Article, Photos and Audio by Shemuel Bacchus and Brenika Banks
Turn on the radio and pop songs, hip hop and rock music are the top genres played on repeat these days. One thing you rarely hear anymore is the blues.
But those numbers belie the influence of the blues not only on a range of modern music genres but on African-American life, mainstream American culture, and on Harlem itself.
As New York celebrates the centennial of the Harlem Renaissance, it also celebrates Harlem’s roots in jazz and the blues, according to Mo Beasley, a Harlem-based poet and educator.
“If there were no music in Harlem, there would be no black folks in Harlem,” Beasley said.
The sound of the blues emerged, slow and sad with strong rhythms, in the southern United States among African American musicians at the turn of the 20th century. An entire genre of music was born out of African American work songs, field hollers, as well as chants and shouts. Jazz’s origins can be found in the African American communities of New Orleans, where it grew out of blues and ragtime. Some of the greatest blues musicians included such icons as Louis Armstrong, Bessie Smith and Jerry Roll Morton.
The reach of blues and jazz extended far beyond music. Langston Hughes, the poet laureate of the Harlem Renaissance, was famously influenced by jazz and blues, and pioneered such art forms as jazz poetry.
Harlem would not have the cultural status that it does today if not for the jazz-driven, stylish nightclub life that emerged within the soulful upper Manhattan neighborhood in the 1920s. Venues like the Cotton Club featured jazz and blues artists like Cab Calloway, Ethel Waters and, of course, Armstrong.
The jazz scene in Harlem faded in the 1930s with the onset of the Great Depression. But the nightclub scene has seen a revival in recent years with the reopening of clubs like Minton’s Playhouse and Showman’s Jazz Club.
With the centennial of the Harlem renaissance, local residents also are reflecting on the legacy of the blues and jazz.
In October, a panel held at The Community Church of New York and moderated by Beasley explored the history and influence of the blues. To open the event, “The Redemptive Power of the Blues: 400 Years of Resistance and Healing,” Beasley performed one of his poems, “If the Blues Knew What We Know Now,” which can be heard below.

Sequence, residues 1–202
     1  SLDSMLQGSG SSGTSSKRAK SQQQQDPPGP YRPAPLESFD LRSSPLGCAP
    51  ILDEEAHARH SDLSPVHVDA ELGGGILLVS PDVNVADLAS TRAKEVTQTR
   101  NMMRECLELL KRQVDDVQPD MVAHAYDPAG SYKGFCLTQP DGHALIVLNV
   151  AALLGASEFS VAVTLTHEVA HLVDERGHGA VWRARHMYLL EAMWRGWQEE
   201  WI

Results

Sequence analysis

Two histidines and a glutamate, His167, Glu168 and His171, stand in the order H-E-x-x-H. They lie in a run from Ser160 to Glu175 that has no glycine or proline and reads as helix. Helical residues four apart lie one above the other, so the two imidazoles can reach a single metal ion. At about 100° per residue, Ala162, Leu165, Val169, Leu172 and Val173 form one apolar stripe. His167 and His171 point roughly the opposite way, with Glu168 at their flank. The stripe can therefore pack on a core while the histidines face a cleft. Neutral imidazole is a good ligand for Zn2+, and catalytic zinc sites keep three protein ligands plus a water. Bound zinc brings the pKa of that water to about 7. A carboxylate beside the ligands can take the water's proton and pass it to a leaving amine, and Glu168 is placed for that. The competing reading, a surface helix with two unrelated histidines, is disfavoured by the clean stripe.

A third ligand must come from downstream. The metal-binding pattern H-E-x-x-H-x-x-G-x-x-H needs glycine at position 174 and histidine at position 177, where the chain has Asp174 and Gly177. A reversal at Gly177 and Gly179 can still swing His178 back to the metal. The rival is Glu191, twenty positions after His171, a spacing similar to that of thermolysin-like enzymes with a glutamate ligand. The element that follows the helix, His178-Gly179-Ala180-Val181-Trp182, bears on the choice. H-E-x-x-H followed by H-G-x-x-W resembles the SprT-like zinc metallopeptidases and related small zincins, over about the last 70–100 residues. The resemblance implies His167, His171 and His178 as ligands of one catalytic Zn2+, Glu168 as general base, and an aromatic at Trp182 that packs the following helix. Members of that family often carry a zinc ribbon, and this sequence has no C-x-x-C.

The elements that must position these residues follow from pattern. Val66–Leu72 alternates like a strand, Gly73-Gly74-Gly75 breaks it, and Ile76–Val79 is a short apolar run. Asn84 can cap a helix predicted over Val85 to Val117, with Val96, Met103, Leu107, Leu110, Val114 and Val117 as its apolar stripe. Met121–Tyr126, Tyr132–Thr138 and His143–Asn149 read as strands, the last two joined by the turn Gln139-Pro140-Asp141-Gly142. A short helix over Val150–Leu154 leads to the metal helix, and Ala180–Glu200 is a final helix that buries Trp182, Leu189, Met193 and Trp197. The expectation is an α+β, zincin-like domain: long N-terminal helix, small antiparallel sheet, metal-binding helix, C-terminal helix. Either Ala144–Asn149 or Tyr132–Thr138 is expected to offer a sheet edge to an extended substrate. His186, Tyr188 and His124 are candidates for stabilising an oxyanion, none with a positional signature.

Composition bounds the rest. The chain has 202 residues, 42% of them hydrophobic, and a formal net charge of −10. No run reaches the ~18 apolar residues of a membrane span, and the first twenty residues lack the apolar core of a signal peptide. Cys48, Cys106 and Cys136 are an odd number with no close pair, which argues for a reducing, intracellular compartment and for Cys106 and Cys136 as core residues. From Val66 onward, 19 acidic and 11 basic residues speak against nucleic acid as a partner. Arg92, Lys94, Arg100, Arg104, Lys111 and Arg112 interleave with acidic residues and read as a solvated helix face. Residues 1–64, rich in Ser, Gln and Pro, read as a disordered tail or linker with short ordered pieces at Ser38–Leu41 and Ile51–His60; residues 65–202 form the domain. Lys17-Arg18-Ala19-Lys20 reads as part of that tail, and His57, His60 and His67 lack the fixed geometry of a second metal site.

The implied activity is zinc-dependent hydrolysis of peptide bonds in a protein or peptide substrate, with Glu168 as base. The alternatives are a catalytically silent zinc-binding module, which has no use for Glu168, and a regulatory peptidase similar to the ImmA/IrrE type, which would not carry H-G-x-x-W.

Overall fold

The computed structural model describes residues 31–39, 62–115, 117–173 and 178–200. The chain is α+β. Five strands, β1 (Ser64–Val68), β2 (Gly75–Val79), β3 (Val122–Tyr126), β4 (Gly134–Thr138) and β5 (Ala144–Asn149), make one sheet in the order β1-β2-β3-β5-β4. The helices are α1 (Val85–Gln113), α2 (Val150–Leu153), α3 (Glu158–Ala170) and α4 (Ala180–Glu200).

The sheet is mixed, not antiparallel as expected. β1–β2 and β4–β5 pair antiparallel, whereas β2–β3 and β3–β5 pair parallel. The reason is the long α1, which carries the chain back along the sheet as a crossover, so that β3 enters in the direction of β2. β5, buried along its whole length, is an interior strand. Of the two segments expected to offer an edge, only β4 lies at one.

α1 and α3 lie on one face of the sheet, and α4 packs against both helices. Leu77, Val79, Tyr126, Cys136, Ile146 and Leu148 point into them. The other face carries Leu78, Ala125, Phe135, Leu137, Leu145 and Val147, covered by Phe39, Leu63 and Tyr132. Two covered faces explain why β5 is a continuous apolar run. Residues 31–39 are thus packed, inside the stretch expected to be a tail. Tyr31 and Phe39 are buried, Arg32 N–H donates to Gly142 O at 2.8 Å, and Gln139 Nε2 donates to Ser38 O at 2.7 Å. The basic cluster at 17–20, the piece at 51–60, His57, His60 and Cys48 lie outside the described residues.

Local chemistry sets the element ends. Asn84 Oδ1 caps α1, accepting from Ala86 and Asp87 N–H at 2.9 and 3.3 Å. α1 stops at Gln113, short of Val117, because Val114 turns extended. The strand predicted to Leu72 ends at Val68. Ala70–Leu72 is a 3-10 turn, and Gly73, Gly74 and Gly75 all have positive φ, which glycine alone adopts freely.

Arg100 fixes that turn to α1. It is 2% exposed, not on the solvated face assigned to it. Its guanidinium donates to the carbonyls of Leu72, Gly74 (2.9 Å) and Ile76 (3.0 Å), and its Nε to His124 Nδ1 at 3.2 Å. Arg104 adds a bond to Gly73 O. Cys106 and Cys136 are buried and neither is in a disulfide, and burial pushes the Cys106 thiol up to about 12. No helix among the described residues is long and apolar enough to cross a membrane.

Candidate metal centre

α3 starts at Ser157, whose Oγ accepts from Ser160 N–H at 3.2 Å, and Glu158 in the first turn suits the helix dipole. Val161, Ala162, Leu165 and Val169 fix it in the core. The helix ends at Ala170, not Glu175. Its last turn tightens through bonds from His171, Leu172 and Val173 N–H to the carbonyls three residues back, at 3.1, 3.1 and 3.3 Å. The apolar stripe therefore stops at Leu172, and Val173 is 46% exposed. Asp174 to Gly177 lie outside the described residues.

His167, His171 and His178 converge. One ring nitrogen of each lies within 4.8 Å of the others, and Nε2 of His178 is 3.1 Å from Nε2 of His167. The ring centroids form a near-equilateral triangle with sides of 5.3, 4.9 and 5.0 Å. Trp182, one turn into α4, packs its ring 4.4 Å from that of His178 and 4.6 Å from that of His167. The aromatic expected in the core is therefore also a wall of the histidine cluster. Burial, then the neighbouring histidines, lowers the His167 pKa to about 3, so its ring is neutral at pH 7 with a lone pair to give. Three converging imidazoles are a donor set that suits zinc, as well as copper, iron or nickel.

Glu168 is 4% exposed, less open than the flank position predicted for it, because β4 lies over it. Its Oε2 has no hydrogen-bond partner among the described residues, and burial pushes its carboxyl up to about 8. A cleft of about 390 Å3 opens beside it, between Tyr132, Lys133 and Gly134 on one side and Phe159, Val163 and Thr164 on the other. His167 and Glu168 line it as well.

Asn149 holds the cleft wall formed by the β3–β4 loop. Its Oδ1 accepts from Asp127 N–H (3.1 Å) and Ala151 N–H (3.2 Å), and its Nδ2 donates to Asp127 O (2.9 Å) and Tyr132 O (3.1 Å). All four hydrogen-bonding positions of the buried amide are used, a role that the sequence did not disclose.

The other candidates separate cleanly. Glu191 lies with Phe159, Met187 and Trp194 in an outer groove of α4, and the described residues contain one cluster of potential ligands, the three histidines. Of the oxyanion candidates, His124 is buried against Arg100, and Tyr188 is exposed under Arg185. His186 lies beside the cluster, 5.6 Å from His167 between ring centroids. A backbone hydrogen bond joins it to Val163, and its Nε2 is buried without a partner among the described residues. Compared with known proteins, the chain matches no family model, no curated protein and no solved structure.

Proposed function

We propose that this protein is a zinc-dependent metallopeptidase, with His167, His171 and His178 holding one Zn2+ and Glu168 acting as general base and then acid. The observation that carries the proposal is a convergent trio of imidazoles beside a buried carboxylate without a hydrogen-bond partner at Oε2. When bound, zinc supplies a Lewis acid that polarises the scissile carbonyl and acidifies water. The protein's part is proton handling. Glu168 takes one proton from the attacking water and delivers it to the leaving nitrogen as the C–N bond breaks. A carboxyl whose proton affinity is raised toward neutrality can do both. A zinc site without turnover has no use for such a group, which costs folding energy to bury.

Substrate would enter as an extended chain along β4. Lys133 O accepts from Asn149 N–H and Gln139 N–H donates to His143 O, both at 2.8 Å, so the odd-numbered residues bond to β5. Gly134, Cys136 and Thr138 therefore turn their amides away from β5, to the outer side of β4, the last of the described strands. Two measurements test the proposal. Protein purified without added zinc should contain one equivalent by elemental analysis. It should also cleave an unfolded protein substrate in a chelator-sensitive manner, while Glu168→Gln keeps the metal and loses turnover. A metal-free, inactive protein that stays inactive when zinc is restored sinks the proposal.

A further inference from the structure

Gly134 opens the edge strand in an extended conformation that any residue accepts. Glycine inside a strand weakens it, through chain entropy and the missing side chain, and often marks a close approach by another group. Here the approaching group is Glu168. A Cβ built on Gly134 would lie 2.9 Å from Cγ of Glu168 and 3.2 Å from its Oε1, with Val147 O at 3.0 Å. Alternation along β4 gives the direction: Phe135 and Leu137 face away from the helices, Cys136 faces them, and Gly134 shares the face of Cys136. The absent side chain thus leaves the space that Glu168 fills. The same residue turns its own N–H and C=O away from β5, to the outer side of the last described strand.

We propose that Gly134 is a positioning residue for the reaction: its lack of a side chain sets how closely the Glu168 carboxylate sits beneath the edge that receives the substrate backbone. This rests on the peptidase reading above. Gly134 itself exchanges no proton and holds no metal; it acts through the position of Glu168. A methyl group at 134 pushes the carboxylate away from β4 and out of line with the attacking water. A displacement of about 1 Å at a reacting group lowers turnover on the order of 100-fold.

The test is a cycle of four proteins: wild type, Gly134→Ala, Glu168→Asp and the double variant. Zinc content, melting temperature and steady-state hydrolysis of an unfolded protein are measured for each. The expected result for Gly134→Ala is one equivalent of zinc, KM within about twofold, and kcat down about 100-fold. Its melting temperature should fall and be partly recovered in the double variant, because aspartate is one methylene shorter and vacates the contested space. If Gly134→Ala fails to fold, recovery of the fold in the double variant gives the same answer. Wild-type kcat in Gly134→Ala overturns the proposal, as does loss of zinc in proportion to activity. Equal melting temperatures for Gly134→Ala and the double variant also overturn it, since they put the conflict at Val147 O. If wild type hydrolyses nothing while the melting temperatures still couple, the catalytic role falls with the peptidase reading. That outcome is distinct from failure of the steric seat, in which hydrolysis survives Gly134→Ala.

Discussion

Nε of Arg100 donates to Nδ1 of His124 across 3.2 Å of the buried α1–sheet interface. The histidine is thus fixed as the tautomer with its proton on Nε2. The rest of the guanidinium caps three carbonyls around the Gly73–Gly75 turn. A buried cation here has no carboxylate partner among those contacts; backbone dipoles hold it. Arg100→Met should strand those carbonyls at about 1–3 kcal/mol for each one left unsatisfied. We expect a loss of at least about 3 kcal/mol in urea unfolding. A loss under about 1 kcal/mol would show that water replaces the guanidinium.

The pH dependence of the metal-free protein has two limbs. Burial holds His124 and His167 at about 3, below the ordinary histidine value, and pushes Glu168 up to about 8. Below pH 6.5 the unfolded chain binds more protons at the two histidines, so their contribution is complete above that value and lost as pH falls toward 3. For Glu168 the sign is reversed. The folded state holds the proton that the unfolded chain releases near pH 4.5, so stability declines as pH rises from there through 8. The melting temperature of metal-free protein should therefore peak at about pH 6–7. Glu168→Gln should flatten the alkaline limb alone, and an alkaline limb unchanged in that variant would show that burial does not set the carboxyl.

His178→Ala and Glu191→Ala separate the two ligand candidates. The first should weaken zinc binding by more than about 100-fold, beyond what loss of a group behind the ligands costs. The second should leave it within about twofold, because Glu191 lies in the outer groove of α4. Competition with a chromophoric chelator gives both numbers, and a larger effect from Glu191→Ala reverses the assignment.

Another panelist, Gloria J. Browne-Marshall, the playwright and constitutional law professor, spoke about the importance of both jazz and blues as expressions of the unique experience of black Americans, living in a country that once only saw them as property. Browne-Marshall described blues in its infant stages as, “them that got and them that don’t.”
For the past two summers, Beasley also has taught a literature class in Harlem and heard the sentiments of many students who say they are using music as a way to fight gentrification in their neighborhood. He thinks that white families who lived in Harlem a century ago may have felt a similar way.
“It was wonderful to listen to high school students talk about their identity, feeling like it’s being squeezed because of all these new people coming in and being very disrespectful of what was before,” says Beasley. “So, their music becomes a way of pushing back.”
Apache Brown Band, a modern-day blues band, performed in October last year at the “Full Participation is a Human Right” conference and arts festival at the Community Church of New York; the event was aimed at shedding light on how punishment and race intersect in the United States. Lead singer Apache Brown discussed how jazz’s origins were about feel and focused on improvisation. He identified Muddy Waters, George “Buddy” Guy and BB King as the band’s most influential blues artists.
“I have friends who play jazz, who are really technical, versus us who play,” said Brown. “We’re more about feel.”
The popularity of jazz and the blues has ebbed and flowed over the hundred years since they made their way to Harlem and other northern cities. With each generation, new music genres emerge that owe their origins to the blues and jazz. While they have become the foundations of America’s musical heritage, the genres remain a key creative outlet for African Americans.
Speaking at Minton’s Playhouse, JC Hopkins, a Grammy-nominated producer, songwriter and bandleader, said he believes we are seeing a re-emergence of jazz music.
“I feel like there’s a lot of musicians coming out of music school — young musicians of color are re-embracing jazz,” he said.
The story continues in a podcast by Brenika Banks: